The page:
Last week we found a crack in a rib on the tail of the Grand Caravan we lease to fly jumpers at Skydive Twin Cities. The crack was significant enough that the plane was flown from Wisconsin to Atlanta to get fixed. That left us with no jump ship for the week. But wait, my Cessna 206 N207J “Juliet” was back in operation and ready to go! As I mentioned in the last post my mechanic and I had spent a long time getting Juliet back in the air and one of the things we did was put on 6 new cylinders. Whenever you put new cylinders on an engine they need to be broken in by flying at high power settings while keeping to cylinder head temperatures cool for about 15 hours. Now I can meet these parameters while flying skydivers by keeping my airspeed high on the climb to altitude to keep the engine cool and leaving some power in on the descent but the best way to break in new cylinders is cross country flying. So it was with great sadness and inconvenience that I was forced to fly back and forth to work every day last week. It was a real hardship having to drive 5 minutes to the airport each morning and climb into my airplane for my commute to work. You can’t possibly imagine the drudgery of flying 500 feet over the Wisconsin countryside seeing deer, turkeys, Bald Eagles, and rolling hills pass beneath your wings during the agonizingly long 15 minute flight. It is to weep.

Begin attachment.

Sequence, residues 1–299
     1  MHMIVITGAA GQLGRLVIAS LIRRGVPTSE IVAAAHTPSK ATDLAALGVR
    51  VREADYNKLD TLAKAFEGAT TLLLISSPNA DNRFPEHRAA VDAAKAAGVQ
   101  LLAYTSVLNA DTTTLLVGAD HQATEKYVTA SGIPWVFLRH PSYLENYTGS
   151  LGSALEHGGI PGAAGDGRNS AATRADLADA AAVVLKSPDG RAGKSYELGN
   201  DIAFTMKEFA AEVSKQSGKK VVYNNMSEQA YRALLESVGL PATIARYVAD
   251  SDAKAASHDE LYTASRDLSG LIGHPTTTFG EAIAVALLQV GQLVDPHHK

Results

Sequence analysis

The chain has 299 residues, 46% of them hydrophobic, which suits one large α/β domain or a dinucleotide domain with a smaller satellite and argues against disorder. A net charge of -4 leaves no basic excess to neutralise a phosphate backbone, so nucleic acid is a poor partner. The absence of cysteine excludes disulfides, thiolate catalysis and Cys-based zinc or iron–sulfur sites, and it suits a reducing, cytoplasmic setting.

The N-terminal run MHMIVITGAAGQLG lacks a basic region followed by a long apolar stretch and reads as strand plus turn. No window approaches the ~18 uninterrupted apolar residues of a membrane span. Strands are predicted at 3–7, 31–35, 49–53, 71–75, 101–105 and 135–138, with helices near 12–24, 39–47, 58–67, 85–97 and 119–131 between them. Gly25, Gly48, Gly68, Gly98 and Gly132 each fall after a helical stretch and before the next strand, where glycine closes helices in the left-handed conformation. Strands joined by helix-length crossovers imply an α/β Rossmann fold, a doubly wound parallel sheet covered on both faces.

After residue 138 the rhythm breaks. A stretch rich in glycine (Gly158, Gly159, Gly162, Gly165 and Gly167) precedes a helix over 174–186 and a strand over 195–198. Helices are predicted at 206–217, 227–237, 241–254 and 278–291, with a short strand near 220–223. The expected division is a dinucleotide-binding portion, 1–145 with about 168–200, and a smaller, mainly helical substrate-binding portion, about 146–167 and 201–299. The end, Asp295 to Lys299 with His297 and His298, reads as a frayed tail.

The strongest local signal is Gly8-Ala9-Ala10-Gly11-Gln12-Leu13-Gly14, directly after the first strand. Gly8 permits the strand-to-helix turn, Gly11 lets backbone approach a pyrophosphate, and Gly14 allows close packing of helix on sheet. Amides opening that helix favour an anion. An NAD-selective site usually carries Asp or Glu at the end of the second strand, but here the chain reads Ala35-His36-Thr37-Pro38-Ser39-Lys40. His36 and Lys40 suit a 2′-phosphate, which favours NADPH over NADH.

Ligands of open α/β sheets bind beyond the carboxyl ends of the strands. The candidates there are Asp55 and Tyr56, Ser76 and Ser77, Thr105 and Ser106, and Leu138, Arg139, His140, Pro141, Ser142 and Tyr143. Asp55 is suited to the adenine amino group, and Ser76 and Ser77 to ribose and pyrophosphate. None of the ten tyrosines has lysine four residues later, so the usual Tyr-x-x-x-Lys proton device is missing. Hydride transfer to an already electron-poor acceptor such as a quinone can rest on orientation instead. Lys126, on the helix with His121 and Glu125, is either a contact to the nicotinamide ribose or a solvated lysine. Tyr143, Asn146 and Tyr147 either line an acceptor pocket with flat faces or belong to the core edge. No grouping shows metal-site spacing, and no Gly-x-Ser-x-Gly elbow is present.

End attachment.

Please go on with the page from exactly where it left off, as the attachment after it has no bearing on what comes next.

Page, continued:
Seeing firemen set a grass fire isn’t interesting at all.
Ever Koda looks bored on the way home after a long day of begging for treats from the skydivers.